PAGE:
Many bold-faced names dedicated time to the filmmaker for the project. Ice Cube, Gwen Stefani, Snoop Dogg, will.i.am, Eminem, Trent Reznor, Tom Petty and Kendrick Lamar are just a few who offered up revealing anecdotes, alongside the aforementioned legends. And insightful interviews with everyone from close family members and ex-lovers to business adversaries and media personalities added full color to the film.
For instance, Fleetwood Mac frontwoman Nicks opens up about how Iovine and she had a love affair while producing her groundbreaking solo debut and how she had to hide in the basement from Petty during the recording process. She also mastered making pizza out of English muffins.
Snoop Dogg reveals how he adamantly preferred ‘The Source’ magazine over ‘Rolling Stone’ after some initial prodding from Iovine, who knew what the more mainstream outcome would be in the long run. The n-word laden rap personality also opened up about the messy East Coast/West Coast hip-hop war and losing Shakur due to it.
Nas pops up giving his take on the hip-hop beef and reflected on the 2005 Source Awards drama incited by none other than Suge Knight. And so does Sean 'Diddy' Combs — who also later offer personal musings about Iovine.
Elsewhere, N.W.A. members The D.O.C., MC Ren and DJ Yella offer up rarely known insights about Dr. Dre in his early days. There’s even exclusive footage from his World Class Wreckin’ Cru early days.
The discovery stories of how Gwen Stefani and Lady Gaga get great play too.
Additionally, Iovine is quite candid about how the pair’s whopping $3-billion deal with Apple almost went up in smoke after R&B singer Tyrese prematurely bragged about it with a drunk Dr. Dre on Facebook.
The film opens with the brouhaha about The Beats/Apple deal and how Dr. Dre was originally approached, rather assumingly, to front a line of sneakers. Iovine and his sharp business acumen — told in more expletive detail — pushed him to use his brand and likeness for speakers and not sneakers. After all, wouldn’t it be a no-brainer for a world-renowned hit-making producer to do something more audio focused?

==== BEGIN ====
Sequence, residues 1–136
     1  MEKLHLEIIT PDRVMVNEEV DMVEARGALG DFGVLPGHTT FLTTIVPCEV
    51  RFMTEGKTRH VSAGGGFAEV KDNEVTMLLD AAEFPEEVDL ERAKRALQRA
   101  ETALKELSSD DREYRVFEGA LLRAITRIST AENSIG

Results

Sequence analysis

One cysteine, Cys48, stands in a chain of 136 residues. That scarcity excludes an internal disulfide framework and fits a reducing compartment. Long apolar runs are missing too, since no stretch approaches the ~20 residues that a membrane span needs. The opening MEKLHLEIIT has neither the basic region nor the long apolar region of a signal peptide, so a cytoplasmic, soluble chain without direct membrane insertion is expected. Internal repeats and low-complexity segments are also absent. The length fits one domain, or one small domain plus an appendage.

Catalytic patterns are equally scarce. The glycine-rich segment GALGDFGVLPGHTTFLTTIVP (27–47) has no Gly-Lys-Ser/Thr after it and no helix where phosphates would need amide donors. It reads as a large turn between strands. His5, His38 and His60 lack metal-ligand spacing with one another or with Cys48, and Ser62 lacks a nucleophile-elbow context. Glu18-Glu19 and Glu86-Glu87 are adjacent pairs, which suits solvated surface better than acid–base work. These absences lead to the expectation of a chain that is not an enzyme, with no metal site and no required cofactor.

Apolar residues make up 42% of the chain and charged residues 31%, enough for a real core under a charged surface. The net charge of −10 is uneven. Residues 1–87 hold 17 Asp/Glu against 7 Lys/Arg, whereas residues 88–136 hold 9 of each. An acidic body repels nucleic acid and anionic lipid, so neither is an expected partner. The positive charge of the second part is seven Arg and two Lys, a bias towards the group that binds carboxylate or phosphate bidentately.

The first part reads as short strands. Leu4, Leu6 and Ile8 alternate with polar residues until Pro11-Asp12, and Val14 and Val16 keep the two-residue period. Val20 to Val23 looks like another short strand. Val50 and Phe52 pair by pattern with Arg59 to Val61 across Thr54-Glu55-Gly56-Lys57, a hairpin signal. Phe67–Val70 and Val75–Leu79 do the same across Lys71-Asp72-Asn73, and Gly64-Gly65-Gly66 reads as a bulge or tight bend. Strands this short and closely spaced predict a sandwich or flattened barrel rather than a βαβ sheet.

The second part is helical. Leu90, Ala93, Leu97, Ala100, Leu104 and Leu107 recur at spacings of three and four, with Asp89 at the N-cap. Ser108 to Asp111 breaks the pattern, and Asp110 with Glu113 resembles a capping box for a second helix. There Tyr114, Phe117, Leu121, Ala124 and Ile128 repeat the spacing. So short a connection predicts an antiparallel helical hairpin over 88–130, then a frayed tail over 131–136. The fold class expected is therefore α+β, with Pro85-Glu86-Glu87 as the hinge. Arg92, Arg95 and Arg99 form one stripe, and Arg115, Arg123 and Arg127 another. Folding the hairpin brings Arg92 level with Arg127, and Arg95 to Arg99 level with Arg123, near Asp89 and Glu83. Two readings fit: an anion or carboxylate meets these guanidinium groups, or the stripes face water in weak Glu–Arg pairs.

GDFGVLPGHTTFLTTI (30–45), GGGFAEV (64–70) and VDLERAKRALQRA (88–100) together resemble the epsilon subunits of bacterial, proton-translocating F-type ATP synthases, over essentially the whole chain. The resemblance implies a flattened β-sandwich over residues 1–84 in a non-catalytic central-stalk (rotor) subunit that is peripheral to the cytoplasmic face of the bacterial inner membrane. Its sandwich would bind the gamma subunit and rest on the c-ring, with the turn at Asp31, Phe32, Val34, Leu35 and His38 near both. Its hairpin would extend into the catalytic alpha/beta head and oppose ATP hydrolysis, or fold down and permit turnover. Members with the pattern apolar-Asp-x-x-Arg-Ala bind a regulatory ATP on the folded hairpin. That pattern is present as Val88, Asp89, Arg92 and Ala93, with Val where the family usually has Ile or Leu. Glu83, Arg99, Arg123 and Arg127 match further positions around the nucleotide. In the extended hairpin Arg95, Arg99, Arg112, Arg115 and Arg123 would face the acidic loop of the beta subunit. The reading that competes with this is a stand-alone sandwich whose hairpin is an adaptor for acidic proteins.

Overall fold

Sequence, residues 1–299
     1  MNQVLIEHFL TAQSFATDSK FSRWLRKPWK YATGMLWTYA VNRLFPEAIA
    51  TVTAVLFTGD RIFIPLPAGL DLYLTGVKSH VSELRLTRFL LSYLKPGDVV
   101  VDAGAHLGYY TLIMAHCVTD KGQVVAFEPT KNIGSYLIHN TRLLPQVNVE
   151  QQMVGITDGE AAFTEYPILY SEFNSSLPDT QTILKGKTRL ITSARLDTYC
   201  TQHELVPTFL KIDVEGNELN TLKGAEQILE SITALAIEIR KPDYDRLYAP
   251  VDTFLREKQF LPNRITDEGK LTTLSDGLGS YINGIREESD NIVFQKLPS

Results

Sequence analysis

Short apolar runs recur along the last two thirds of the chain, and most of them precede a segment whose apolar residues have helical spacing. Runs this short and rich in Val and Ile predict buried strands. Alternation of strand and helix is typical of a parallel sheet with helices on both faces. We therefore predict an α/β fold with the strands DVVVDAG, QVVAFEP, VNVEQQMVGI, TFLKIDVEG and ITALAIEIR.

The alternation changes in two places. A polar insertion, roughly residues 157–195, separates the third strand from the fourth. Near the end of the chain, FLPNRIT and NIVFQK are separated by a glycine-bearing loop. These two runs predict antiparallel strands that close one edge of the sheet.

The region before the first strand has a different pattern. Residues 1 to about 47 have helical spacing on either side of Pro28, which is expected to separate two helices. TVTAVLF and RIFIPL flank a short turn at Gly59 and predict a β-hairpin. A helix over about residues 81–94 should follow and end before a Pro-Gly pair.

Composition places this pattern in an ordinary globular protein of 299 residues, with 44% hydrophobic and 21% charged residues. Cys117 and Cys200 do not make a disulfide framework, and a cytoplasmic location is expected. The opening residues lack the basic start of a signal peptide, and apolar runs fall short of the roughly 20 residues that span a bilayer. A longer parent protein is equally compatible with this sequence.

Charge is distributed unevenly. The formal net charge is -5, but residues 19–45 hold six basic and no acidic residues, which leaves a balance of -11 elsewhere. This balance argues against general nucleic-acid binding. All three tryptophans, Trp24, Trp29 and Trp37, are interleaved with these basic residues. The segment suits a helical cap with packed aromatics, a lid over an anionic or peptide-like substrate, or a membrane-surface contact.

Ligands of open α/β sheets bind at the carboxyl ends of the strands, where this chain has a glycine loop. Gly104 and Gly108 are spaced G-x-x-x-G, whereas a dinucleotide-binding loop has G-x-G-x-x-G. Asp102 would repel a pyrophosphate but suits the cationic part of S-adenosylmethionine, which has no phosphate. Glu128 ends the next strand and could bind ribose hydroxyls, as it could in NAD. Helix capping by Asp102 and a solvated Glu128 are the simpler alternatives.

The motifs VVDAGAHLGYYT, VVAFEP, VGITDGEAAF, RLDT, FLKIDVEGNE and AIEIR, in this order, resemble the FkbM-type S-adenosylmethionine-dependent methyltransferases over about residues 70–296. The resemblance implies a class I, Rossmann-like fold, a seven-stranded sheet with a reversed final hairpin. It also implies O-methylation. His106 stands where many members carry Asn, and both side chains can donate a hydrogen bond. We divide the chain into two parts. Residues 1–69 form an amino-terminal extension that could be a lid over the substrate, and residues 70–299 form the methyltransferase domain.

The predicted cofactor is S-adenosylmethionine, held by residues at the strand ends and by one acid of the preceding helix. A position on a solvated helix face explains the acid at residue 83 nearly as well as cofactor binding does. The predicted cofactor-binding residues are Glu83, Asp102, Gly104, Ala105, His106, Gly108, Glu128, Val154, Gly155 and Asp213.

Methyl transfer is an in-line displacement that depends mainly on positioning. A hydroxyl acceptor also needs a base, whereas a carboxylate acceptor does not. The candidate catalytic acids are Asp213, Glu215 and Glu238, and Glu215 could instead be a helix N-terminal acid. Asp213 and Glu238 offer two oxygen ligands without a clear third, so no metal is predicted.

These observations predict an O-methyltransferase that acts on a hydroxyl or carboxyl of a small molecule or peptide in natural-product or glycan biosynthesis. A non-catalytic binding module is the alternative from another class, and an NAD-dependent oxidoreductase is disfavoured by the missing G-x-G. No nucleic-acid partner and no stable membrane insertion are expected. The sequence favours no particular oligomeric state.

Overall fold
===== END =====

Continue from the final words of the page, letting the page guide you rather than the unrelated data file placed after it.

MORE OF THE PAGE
“I thought the fact that Dr. Dre and Jimmy, even allowed that to be in the film was shocking,” Hughes explained. “It also taught us a lot about their relationship and how deep their bond is.”
One aspect of ‘The Defiant Ones,’ Hughes is most proud of was the inclusion of Dee Barnes, the former TV host who was brutally assaulted by Dr. Dre in 1991 at a Los Angeles party in the aftermath of Ice Cube leaving N.W.A. The controversial incident remains a blemish on Dr. Dre’s legacy although it was conveniently left out of F. Gary Gray’s blockbuster 2015 biopic ‘Straight Outta Compton.’ And the omission brought on more controversy — 25 years later.
“First of all, the disdainful thing about all this is that Dre's reaction and his apology, we shot that a year before ‘Straight Outta Compton came out.’ We had it in the can,” Hughes revealed. “I couldn't tell Dee because I didn't want to contaminate the interview when I ultimately did interview her. It was painful to see her have to go through all that, and Dre have to go through all that. I had to keep a secret that we had Dre's apology. Not just apology, talking about it in the can a year before ‘Straight Outta Compton‘ was even in the theaters.”
He continued: “[Dee] was a part of the hip-hop culture with her group Body and Soul … the host of ‘Pump It Up’ … she was like a little sister on the L.A. hip-hop scene to the guys in N.W.A. Our meeting was important. Once I sat with her and saw how strong she was, how smart she was, how funny she is, what an activist she is as a woman, I thought it was critical that she be a part of the film, not just that part of history where that awful thing happened, but be a part of the culture of the film. When she agreed to do it, I've got to say was probably my proudest moment.
Hughes, an admitted avid fan of documentaries, said pushing the medium was a top priority for the project.
“Most people look at documentaries like eating your vegetables. So it's got to be some kind of great experience. I went in like a record producer would go into it, like a DJ would go into a party. I said, ‘I've got to make sure that I'm DJ-ing this movie because I'm essentially making a movie about the world's best DJ anyways.’ I'm making a movie about producers. I've got to make sure the way I approach everything is the way a DJ would approach it.